How hackers can get your phone data from public USB chargers and what you can do to stop them
It’s easy, it’s convenient, but it could be a gateway to hackers! We’re talking about USB chargers meant to give you a quick battery boost on the go.
But, those charging stations could get hacked. It’s called “juice jacking,” when the bad guys slip in devices on the other side of these USB chargers.
You plug in and your data is in their hands. But we found a solution that will still let you charge your phone and sleep well at night.
You’ll find them at bars, restaurants, hotels and airports, but it’s what’s on the other end of these chargers that could end up zapping your personal data.
“There is no way to look at a plug and know if the other side of that is going to a hacker’s computer,” said Jason Hendrix, who was traveling from Denver.
Cybersecurity experts at Cigent spend their days detecting ways hackers target us.
“What happens with juice jacking is somebody plugs into a USB outlet thinking that they’re charging their phone and when that happens, somebody actually goes into their phone and takes data,” said Evan Lutz.
We found a device called a data blocker that promises to keep the current flowing while cutting off the hackers.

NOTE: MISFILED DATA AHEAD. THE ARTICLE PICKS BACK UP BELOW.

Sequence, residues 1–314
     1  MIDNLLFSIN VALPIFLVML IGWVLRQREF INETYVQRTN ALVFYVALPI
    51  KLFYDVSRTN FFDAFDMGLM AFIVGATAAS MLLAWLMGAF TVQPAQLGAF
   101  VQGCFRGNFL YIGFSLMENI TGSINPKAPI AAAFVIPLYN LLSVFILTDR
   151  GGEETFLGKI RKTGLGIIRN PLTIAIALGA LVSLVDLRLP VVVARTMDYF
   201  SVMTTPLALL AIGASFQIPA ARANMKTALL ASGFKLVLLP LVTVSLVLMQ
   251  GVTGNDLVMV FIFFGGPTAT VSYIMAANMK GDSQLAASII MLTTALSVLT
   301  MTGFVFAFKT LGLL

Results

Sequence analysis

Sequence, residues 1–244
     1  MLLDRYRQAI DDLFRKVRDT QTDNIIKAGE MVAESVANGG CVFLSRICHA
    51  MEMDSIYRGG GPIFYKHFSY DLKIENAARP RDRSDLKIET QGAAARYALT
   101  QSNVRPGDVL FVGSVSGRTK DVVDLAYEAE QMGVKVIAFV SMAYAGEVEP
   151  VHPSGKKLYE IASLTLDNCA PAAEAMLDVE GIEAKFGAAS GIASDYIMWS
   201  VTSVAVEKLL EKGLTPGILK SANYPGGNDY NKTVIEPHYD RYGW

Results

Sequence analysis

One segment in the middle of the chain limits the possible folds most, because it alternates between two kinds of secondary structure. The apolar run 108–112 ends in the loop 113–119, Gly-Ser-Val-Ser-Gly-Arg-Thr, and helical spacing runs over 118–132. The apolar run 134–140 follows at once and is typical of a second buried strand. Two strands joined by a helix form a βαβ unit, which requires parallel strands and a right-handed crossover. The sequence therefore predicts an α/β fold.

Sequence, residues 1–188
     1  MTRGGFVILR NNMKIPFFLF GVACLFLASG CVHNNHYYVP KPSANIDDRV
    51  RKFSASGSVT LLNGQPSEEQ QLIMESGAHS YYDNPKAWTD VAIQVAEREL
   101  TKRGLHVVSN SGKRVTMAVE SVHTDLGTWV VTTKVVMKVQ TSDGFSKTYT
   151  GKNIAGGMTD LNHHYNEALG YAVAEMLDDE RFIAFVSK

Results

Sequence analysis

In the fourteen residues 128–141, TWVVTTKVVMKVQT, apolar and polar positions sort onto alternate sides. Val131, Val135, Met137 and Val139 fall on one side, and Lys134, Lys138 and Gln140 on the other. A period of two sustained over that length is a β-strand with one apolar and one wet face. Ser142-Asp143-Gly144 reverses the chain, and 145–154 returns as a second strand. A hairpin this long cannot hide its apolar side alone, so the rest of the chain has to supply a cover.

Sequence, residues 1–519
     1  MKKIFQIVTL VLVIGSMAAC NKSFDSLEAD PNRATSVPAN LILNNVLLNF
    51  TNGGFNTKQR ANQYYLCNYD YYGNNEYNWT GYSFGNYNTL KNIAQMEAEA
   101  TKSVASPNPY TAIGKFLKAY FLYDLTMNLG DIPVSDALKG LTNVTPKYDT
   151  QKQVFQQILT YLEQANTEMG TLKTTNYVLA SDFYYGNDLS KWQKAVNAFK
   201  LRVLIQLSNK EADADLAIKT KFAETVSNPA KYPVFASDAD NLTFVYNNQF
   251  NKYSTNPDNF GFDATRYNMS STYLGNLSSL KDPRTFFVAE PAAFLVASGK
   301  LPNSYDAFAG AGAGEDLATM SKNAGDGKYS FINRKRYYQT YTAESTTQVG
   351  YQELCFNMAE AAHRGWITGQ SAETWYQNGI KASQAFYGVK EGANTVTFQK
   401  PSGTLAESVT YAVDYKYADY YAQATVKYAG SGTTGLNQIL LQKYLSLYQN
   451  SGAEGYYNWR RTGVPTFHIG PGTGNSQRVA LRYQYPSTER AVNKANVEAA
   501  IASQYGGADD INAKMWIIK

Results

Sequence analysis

Lutz put ours to the test. First, he plugs his phone directly into his computer’s USB port.
“So here you can see we don’t have any additional driver devices that I can pull files from as soon as I plug it in. Without the data blocker, it shows up and it’s now accessible for me to access the files on my cell phone,” Lutz said.
Then, he uses the data blocker.
“When we plug in the data blocker, the phone no longer shows up as a drive that I can access, but my phone is still charging,” he said.
So here’s how it works. Lutz sent us pictures of the inside of a USB charger. The pins on the outside are needed for charging and the ones on the inside are for data transfer.
The data blocker device doesn’t allow access to those data transferring pins, effectively blocking anyone from having access to your phone.
Something travelers always in need of a good charge enjoyed hearing.
So where can you find one of these devices? We found ours online for $7 but if you don’t want to make the purchase, just stay away from public USB ports or use a traditional outlet plug for a charger.
We’ve answered even more questions for you in the Q & A below:
- Los Angeles County District Attorney’s Office | USB Charger Scam
- Federal Communications Commission | ‘Juice Jacking’: The Dangers of Public USB Charging Stations
- Better Business Bureau | Scam Alert: Don’t Plug Your Phone into a Charging Station